Liz Derryberry, Principal Investigator and Assistant Professor


Liz’s CV

I graduated in 2000 from the Ecology and Evolutionary Biology department at Princeton University, where I completed a senior thesis on the fitness consequences of parasites in natural populations of white-crowned sparrows (Zonotrichia leucophrys). I went on to do my doctoral dissertation work on the patterns and mechanisms of song evolution in white-crowned sparrows in the Nowicki lab at Duke University. In 2007, I joined the Museum of Natural Science at Louisiana State University to study lineage diversification in Neotropical ovenbirds and woodcreepers (Aves: Furnariidae). In 2012 joined the Tulane EEBIO faculty. In 2017, I joined the EEB faculty at the University of Knoxville, TN.  Currently, I am working on several collaborative projects that address the proximate and ultimate factors controlling variation in communication signals using a range of techniques drawn from several disciplines.



Michael Harvey (2018 – Current)


Michael’s website

Michael studies the origins of avian diversity, mostly by examining populations in the earliest stages of the process of speciation. His work is broadly comparative, relying on high-throughput methods for examining the genomes and phenotypes of many individuals and species. He mostly studies Neotropical birds, which are species-rich enough to provide many independent datasets for comparative research on speciation.

Michael received his BA in Biology from Cornell University and a PhD from Louisiana State University, where he studied population genomics in Amazonian birds with Dr. Robb Brumfield. He comes to us from Dr. Dan Rabosky’s lab at the University of Michigan, where he studied comparative methods and theory as a US National Science Foundation (NSF) Postdoctoral Fellow. Mike has also earned an NSF Doctoral Dissertation Improvement Grant, a LSU College of Science Outstanding Dissertation Award, and a series of National Geographic Society research awards supporting field work on birds in remote corners of the Amazon Basin.



Mae Berlow (2014 – Current)


Mae is interested in avian gut microbial diversity and effects of shifts in gut microbial community on avian behavior.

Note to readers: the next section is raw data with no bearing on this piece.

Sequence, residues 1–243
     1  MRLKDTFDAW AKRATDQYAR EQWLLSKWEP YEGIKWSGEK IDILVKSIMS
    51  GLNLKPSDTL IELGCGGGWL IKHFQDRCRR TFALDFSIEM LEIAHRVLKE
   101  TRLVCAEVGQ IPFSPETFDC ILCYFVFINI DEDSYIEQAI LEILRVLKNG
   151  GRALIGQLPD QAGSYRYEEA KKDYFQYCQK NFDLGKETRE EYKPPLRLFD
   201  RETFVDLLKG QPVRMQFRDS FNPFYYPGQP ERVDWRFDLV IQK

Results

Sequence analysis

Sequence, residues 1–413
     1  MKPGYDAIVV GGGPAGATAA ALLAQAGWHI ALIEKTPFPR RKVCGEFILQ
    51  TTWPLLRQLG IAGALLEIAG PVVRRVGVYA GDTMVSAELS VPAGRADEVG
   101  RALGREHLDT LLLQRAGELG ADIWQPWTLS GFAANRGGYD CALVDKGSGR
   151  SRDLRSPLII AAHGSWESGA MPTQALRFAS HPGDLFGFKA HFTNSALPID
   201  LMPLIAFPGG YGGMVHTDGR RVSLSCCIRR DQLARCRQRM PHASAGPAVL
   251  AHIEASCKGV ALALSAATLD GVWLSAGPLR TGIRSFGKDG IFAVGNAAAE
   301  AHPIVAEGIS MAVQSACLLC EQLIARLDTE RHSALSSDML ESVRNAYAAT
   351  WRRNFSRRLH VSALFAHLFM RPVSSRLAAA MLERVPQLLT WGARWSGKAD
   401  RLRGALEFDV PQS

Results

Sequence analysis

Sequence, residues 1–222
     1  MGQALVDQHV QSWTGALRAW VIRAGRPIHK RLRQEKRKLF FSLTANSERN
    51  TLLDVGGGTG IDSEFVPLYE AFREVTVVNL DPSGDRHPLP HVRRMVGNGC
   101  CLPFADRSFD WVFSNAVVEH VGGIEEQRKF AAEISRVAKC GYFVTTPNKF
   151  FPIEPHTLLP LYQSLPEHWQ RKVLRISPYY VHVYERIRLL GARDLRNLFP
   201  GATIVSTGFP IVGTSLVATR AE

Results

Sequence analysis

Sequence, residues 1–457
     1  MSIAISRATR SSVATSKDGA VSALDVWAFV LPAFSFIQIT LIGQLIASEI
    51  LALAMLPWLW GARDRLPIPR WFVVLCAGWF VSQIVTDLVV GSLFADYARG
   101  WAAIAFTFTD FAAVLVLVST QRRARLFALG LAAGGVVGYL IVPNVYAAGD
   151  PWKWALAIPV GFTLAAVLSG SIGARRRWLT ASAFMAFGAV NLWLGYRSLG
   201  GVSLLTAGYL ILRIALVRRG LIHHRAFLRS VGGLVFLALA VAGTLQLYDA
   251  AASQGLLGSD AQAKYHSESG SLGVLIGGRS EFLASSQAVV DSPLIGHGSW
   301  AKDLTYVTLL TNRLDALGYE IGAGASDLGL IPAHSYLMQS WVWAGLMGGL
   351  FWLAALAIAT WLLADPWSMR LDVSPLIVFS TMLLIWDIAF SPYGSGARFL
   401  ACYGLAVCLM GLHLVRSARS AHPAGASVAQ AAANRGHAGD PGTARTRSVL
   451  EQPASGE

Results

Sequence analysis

Mae received her Bachelor of Science degree in Conservation Biology at Warren Wilson College, where she worked on the effects of stream contaminants on fish morphology and growth. She then worked as a joint research assistant for the Derryberry and Van Bael labs before joining the Derryberry lab in 2015 to start her Ph.D.

Her honors and awards include: Tulane EEB graduate student research award.


Casey Coomes, PhD Candidate (2014 – Current)

Casey_photoCasey’s website

Casey is interested in behavioral ecology, specifically the effects of heat stress on avian communication. Her current research focuses on the effects of thermal stress on zebra finches.

Casey received her Bachelor of Arts degree in Biology from Transylvania University. There, she worked with Becky Fox studying parental behavior in house sparrows, before joining the lab in 2015.

Her honors and awards include: NSF Graduate Research Fellowship, SICB Grant in Aid of Research, NSF GRFP Honorable Mention, Tulane EEB graduate student research award, Tulane Processes of Science in EEB award.


Clara Howell (2014 – Current)

Clara HowellClara’s website

Clara is interested in the evolution of cognitive ability. Her research includes the role of problem-solving ability in sexual selection, and the genomic response to heat stress compared to other types of stressors in zebra finches.

Clara was an undergraduate in the Derryberry Lab at Tulane University, and moved with the lab to the University of Tennessee to begin her graduate work.




Sara Lipshutz (2012 – 2018), Postdoctoral Researcher with Kim Rosvall at Indiana University

Sara’s website.

Sara examines the role that sexual selection plays in shaping mating signals and behaviors, and in turn how this can drive the speciation process. She works on female competition and hybridization between Northern and Wattled Jacanas in Panama and song as a behavior barrier between subspecies of White-crowned Sparrows in California.

sara jacana mountsSara received her BA in biology from Swarthmore College, where she studied social olfaction in Crested Auklets with Dr. Julie Hagelin and estimated demography of Kittlitz’s Plover with Dr. Magda Remisiewicz at the University of Cape Town. She began studying the jacana hybrid zone with Dr. Matthew Miller at the Smithsonian Tropical Research Institute (STRI) in Panama.

Her honors and awards include: NSF GRF, NSF GROW Fellowship in Switzerland, NSF DDIG, National Geographic Young Explorer Grant, Ernst Mayr short term research fellowship (STRI)


Jenny Phillips (2013 – 2017), Postdoctoral scholar, website:

Jenny with sparrow


Dana Moseley, Postdoctoral Fellow, Smithsonian Migratory Bird Center website:

Ray Danner, Assistant Professor, University of North Carolina Wilmington website:

Julie Danner, Scientist and Mom

Renata Durães Ribeiro, Professor of the Practice, Tulane University website:

Andrés Cuervo, Curator of Birds and Professor, Instituto de Ciencias Naturales, Universidad Nacional de Colombia